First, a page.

where X represents the spatial position in the image plane, u i ^ , u j ^ and u k ^ represent the displacement vector components in the three orthogonal directions, i ^ , j ^ , and k ^ , respectively.

An SNR filter is implemented in order to remove low SNR voxels surrounding the LV. The filter is based on the myocardial image intensity and the background noise. A region of background noise is identified by the user, and the myocardium intensity is defined by the tissue enclosed within first set of contours initiated at time tn at each slice, for all slices. The mean and standard deviation of the enclosed myocardium is calculated and voxels below two standard deviations are excluded.

Previous DENSE tracking algorithms describe the interpolation of vector displacement fields for tissue tracking through the cardiac cycle [24, 26]. This work implements a similar tracking algorithm, where the position of each tissue tracking point along its motion trajectory was estimated using 3D distance weighted linear interpolation, using the entire 3D displacement vector volume. Trajectories are further improved by applying temporal fitting for each ordinate direction of each of the trajectories using a 10th order polynomial [21].

Using 3D motion trajectories, each user defined guide point can be propagated to successive cardiac frames. The time direction in which this is done is irrelevant.

Guide point propagation

The position of the guide points at all time frames in the cardiac cycle can be estimated using the closest myocardial motion trajectory to each guide point. A refinement step is necessary to ensure that the guide point position accurately coincides with the border of the myocardium. This is achieved using a separate series of images, which are created by representing each trajectory position at each frame by a 3D Gaussian function with an integrated intensity of unity. The contribution from all tracked points is added to create a combined Gaussian image at each time frame. This is illustrated in Figure 4(a). As each guide point is propagated across the cardiac cycle, its position is refined by moving the point along the intensity gradient of the combined Gaussian image towards the endocardial/epicardial boundary until an intensity value of 0.5 is reached. This is illustrated in Figure 4 (b). A Gaussian standard deviation of 1.25 was used for the in-plane x and y directions, while a standard deviation of 1.5 was used in the z direction allowing for an ellipsoidal distribution. This was found suitable as the slice thickness dimension is greater than the in-plane resolution. If the standard deviation is set too low, there is a pixelated effect in the Gaussian image where the distribution is unequal, while if the standard deviation is set too high the distribution is expanded and the LV dimensions are shown to be much larger, similar to the effect described in [22].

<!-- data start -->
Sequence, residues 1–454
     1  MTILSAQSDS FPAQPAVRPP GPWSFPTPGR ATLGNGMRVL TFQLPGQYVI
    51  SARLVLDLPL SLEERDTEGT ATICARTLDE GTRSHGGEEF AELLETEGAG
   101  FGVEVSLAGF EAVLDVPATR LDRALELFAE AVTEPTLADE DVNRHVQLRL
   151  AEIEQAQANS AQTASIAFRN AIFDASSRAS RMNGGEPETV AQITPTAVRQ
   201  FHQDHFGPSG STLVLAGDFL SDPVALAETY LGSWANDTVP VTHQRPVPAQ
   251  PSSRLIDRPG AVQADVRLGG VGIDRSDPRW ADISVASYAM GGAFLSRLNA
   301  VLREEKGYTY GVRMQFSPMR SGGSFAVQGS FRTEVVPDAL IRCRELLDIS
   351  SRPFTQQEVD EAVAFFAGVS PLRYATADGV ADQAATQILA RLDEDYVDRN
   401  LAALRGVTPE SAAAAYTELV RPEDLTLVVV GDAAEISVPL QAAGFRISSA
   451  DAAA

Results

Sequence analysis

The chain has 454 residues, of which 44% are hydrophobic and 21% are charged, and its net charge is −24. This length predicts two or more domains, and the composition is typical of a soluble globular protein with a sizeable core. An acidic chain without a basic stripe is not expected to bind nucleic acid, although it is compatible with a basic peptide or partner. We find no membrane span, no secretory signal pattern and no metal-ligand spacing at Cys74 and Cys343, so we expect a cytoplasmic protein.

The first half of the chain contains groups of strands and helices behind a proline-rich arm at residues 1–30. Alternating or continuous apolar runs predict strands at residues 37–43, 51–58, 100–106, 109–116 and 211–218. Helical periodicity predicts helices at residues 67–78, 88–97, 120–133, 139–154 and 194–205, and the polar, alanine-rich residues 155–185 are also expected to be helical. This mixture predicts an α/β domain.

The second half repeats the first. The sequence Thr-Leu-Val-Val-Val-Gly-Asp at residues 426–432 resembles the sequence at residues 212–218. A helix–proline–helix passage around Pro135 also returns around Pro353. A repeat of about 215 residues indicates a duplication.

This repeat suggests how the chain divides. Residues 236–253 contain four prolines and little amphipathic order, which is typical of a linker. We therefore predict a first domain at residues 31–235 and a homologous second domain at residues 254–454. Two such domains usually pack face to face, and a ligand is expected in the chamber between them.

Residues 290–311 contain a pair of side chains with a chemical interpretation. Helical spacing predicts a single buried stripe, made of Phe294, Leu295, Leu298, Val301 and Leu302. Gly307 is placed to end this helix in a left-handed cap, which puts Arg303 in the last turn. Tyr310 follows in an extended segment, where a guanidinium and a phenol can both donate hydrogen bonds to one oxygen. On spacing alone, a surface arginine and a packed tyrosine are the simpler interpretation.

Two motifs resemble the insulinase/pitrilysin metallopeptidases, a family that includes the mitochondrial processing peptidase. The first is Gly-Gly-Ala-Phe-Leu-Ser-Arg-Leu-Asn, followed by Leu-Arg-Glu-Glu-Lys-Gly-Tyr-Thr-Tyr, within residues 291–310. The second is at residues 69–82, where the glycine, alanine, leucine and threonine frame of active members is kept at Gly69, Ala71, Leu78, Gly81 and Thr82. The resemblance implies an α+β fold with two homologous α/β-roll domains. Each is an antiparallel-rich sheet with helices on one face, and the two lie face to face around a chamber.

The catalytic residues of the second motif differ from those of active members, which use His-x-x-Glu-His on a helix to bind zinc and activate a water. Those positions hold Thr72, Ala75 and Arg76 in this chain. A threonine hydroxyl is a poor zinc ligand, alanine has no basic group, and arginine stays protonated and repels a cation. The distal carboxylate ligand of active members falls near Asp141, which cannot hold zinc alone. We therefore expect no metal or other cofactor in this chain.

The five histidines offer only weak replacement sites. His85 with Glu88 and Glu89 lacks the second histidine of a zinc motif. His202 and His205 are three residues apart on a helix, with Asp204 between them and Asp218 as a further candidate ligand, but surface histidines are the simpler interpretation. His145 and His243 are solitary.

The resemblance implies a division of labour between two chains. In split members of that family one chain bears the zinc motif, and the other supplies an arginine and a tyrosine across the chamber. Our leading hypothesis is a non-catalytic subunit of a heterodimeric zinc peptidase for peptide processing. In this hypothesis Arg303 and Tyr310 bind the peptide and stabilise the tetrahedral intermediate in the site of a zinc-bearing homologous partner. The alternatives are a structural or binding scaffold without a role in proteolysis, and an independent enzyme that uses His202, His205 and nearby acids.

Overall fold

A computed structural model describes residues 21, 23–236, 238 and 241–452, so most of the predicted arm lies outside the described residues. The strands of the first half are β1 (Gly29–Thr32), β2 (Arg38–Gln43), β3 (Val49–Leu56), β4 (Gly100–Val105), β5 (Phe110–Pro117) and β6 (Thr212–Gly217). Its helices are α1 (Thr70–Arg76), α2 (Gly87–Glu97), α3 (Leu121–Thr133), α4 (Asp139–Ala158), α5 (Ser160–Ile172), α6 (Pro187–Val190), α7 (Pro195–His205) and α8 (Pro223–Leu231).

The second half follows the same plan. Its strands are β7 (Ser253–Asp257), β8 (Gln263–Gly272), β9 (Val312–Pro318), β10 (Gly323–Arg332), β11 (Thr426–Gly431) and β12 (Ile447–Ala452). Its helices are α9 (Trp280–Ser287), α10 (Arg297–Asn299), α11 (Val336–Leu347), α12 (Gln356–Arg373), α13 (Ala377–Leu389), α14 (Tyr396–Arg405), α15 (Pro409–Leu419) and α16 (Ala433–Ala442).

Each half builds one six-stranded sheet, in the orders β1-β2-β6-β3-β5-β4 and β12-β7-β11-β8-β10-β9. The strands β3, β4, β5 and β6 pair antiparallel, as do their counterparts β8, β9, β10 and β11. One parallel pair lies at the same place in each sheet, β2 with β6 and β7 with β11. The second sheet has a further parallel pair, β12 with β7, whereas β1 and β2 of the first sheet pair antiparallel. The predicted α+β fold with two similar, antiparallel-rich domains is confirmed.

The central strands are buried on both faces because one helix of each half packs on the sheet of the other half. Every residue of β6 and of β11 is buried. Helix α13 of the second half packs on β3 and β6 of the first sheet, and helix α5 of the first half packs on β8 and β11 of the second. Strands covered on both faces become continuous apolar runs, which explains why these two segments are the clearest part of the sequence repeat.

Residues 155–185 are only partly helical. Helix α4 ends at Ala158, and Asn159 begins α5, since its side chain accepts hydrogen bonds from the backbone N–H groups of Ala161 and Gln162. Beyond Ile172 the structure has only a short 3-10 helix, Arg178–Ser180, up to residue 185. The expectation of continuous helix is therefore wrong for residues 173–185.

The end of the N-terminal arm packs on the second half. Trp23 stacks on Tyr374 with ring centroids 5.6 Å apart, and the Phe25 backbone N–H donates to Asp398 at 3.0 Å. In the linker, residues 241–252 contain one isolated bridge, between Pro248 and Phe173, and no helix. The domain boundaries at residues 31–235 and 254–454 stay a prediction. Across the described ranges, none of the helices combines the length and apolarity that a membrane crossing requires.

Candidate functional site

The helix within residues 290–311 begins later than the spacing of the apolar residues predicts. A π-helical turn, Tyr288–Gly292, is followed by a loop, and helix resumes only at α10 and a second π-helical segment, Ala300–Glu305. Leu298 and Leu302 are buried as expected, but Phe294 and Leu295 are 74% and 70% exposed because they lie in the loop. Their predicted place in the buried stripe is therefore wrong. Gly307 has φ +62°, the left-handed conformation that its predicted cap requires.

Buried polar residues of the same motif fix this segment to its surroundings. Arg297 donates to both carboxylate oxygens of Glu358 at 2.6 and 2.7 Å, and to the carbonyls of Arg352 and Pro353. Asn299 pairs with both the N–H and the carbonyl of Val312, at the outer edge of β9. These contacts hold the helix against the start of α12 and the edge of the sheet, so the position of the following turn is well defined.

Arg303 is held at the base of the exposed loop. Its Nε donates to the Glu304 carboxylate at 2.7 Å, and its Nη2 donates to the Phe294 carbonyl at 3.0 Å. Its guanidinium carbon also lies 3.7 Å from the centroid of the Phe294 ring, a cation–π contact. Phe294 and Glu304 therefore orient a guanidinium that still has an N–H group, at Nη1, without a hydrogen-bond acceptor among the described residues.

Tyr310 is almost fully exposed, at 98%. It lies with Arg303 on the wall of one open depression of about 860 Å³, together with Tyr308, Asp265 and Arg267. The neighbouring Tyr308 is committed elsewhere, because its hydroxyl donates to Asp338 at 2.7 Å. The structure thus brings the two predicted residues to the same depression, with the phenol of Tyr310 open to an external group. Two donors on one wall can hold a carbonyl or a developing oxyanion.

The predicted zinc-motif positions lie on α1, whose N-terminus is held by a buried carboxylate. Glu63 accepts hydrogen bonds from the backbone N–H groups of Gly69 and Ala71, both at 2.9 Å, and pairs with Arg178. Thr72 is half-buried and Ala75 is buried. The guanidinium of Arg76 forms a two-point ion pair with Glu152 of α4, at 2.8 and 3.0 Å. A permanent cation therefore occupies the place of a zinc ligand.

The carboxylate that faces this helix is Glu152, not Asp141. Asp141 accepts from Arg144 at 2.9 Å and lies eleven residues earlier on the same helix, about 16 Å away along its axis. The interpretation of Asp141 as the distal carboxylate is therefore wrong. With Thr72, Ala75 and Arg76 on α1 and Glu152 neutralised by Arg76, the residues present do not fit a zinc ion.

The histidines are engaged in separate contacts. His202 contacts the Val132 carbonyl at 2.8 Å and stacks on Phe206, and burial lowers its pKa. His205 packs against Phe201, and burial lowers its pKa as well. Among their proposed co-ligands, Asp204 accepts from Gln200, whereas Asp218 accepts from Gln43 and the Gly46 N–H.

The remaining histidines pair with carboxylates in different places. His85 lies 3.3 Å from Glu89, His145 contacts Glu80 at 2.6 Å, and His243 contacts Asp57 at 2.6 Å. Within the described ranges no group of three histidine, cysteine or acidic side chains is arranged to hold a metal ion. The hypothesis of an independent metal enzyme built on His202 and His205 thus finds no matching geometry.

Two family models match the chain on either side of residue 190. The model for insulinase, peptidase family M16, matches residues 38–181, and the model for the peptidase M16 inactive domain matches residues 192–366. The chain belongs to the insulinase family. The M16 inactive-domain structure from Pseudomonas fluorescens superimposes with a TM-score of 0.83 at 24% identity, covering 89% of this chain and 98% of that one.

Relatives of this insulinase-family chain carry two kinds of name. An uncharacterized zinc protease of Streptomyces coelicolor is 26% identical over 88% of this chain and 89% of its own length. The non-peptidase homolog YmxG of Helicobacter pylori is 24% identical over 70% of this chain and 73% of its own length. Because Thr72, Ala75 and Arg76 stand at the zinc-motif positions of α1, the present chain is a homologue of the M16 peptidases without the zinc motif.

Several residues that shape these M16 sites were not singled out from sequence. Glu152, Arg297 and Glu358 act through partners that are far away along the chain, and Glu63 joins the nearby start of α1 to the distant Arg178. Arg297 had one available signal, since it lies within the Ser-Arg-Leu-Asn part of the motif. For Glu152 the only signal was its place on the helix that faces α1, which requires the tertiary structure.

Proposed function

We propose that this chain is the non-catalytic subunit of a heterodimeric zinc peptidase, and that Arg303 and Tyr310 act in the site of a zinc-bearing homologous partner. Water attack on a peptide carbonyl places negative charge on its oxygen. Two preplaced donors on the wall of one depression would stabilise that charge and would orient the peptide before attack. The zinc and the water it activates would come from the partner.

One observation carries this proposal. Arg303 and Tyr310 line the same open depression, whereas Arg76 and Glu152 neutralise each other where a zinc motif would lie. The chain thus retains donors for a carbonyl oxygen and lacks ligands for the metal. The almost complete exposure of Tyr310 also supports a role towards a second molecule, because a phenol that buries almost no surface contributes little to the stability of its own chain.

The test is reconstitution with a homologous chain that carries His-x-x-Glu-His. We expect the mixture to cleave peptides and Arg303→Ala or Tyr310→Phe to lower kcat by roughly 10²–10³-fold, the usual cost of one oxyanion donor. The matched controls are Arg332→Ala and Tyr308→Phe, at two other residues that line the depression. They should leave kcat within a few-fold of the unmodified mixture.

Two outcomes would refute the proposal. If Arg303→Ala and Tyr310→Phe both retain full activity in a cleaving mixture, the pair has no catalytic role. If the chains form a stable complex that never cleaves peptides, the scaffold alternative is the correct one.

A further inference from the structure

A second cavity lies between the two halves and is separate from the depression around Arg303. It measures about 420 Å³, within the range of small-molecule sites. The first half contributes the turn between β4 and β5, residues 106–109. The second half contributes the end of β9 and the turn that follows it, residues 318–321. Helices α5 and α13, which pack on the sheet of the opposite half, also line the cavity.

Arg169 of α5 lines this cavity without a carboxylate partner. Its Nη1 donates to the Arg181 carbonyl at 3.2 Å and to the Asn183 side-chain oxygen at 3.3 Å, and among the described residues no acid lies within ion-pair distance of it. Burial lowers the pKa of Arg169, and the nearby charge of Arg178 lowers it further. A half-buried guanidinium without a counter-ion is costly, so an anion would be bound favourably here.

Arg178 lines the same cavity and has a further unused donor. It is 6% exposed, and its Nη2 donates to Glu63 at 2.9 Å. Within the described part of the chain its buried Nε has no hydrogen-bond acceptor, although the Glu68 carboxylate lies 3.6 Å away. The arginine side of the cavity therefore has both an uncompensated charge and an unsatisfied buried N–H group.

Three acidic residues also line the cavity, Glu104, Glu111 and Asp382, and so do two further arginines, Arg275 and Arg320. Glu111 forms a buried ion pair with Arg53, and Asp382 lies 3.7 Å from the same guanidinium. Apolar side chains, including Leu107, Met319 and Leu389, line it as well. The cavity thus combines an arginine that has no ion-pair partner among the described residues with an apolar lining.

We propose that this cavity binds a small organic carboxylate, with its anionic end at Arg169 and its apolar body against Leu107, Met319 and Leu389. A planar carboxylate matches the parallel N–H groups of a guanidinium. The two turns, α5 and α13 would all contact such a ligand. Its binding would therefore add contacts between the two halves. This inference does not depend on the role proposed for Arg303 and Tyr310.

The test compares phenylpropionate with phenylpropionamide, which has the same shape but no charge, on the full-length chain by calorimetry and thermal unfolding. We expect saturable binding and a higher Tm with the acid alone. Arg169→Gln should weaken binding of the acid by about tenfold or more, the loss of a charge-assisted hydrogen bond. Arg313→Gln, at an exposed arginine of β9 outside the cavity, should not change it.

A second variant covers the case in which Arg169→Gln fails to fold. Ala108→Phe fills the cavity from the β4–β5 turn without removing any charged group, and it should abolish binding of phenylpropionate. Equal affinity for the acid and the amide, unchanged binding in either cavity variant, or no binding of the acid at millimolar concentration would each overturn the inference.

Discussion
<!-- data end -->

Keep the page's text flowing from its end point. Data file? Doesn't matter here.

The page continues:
Figure 4

Propagated guide point refinement step. (a) Gaussian image with an integrated intensity of unity at a systolic time frame. (b) Vector field corresponding to the Gaussian intensity gradient. The red star represents a user defined epicardial guide point which has been tracked to this time frame using 3D motion trajectories. The gradient vectors are used to drive this point to the epicardial boundary to a Gaussian intensity value of 0.5. This is represented by the white arrow. The new guide point for this time frame is thus represented by the white star.

Experimental validation


The accuracy of the algorithm is assessed by the degree to which the segmentation results compare to a reference standard. In order to quantify the voxel-based accuracy of the segmentation results to a reference standard, all four 3D data sets were manually contoured by a single experienced user. The semi-automatic segmentation was completed for all four data sets using the model parameters described above which were chosen based on a visual assessment of accuracy. The following model parameters were then individually varied in order to determine the optimal parameters and how each can have an effect on the segmentation results: (1) the model was initialized during a late systolic time frame, as opposed to an early systolic time frame, (2) four user defined guide points defined each surface, as opposed to the initial eight, (3) the smooth weight constraints α and β were decreased from 0.1 × 10-1 and 0.2 × 10-1 to 0.1 × 10-3 and 0.2 × 10-3, respectively, and (4) the model mesh size was adjusted from 32 to 64 elements. The accuracy of the algorithm was assessed using the following two methods:

  1. 1.

    To quantify the accuracy of the 2D contour geometry, three slices (apical, mid and basal) at end diastole and end systole were manually contoured by 2 separate operators (Operator A and Operator B). The corresponding semi-automated contours were validated against each of these manual contours by comparing the percentage of overlapping and discrepant voxels with the use of region-based coefficients. This was done by calculating mean and union overlaps (Dice and Jaccard metrics) [25, 30]. A value of zero indicates no spatial overlap, while a value of 1 indicates complete perfect overlap. The Dice (D) and Jaccard (J) coefficients are calculated by D = 2((Sr ∩ Tr)/Sr + Tr) and J = ((Sr ∩ Tr)/Sr Tr), respectively. Here, Sr is the region on the source image enclosed by the manual contour and Tr is the region on the target image enclosed by the semi-automated contour. ∩ and denote intersection and union, respectively. A value of 0.7 and above is considered an adequate overlap [30].